mitted rays, as shown in Figure 1. It is possible to polarize the reflected light at the interaction with a dielectric
surface. This happens at a precise angle of incidence called “Brewster angle”,
B. When light is incident at
there is no reflected component in the plane of incidence and all the light reflected is polarized in the plane per-
pendicular to the plane of incidence. Hence, the parallel component of the reflectance vanishes. The reflectance
is defined as the irradiance associated to the reflected light of the ER-field [2].
This phenomenon can simply and elegantly be explained by using the electric dipole oscillator model pro-
posed by Lorentz [2]. Figure 1 shows an incident EI-field of amplitude E0I polarized parallel to the plane of in-
cidence. For an arbitrary angle of incidence,
I, the reflected ER-field of amplitude E0R and the transmitted ET-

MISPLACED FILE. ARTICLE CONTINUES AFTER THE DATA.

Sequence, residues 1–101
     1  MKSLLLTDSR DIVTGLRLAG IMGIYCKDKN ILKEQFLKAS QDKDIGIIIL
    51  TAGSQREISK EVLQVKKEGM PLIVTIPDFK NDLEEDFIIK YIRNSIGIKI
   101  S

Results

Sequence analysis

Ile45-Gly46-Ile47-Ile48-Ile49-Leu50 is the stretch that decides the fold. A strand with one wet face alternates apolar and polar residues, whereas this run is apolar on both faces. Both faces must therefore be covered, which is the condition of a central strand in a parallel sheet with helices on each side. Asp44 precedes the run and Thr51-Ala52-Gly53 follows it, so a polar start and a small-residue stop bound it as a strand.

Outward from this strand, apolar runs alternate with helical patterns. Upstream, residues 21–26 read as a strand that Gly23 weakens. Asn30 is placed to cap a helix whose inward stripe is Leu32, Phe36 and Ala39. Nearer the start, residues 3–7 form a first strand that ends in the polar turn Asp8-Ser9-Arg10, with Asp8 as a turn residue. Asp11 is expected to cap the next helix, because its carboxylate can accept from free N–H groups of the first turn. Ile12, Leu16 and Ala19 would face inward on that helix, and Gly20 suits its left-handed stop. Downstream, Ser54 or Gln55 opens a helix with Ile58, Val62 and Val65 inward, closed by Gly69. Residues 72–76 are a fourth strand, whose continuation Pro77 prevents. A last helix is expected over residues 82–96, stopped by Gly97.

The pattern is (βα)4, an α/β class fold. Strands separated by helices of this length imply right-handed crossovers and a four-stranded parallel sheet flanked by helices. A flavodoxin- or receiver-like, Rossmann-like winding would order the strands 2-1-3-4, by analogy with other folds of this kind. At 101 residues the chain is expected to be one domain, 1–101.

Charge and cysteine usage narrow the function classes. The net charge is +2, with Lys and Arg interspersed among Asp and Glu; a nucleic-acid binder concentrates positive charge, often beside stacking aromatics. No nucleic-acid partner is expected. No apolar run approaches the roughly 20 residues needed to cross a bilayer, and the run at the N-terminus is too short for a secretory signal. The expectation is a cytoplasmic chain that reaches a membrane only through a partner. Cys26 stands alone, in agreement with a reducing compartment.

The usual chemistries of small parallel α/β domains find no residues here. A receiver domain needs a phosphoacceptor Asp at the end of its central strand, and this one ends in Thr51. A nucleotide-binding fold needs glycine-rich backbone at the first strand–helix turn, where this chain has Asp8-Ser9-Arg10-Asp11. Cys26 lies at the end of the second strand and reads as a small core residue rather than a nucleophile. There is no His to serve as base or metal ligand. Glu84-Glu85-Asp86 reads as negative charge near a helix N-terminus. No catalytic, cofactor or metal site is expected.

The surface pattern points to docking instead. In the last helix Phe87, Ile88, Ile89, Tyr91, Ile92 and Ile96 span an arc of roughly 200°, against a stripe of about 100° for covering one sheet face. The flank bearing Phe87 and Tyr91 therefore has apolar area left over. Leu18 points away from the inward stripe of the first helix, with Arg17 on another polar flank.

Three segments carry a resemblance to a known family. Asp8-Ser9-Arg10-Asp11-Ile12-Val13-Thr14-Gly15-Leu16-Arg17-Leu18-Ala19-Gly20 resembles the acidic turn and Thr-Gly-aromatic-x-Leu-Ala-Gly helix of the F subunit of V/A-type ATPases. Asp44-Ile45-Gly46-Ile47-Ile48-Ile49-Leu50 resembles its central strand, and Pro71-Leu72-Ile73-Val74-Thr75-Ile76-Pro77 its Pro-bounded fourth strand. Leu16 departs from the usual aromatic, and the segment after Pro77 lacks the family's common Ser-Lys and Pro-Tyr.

field of amplitude E0T are also polarized in the same plane. Both directions of reflected and transmitted rays are
decided by the fact that light travels the path of least time (according to the Fermat’s Principle). Also, it is
well-known that an electric dipole cannot radiate energy along its axis of oscillation, but perpendicular on it.
When the direction of reflected light happens to be perpendicular on the direction of transmitted light, which is
for incidence at angle
B, then only the parallel component within the plane of incidence of the reflected light
vanishes. Using simple geometric reasoning one can find that
= −
and using the Snell’s law we find the Brewster’s law [2]
In our data analysis we use a value of the refractive index for air (which is the incident medium), nI of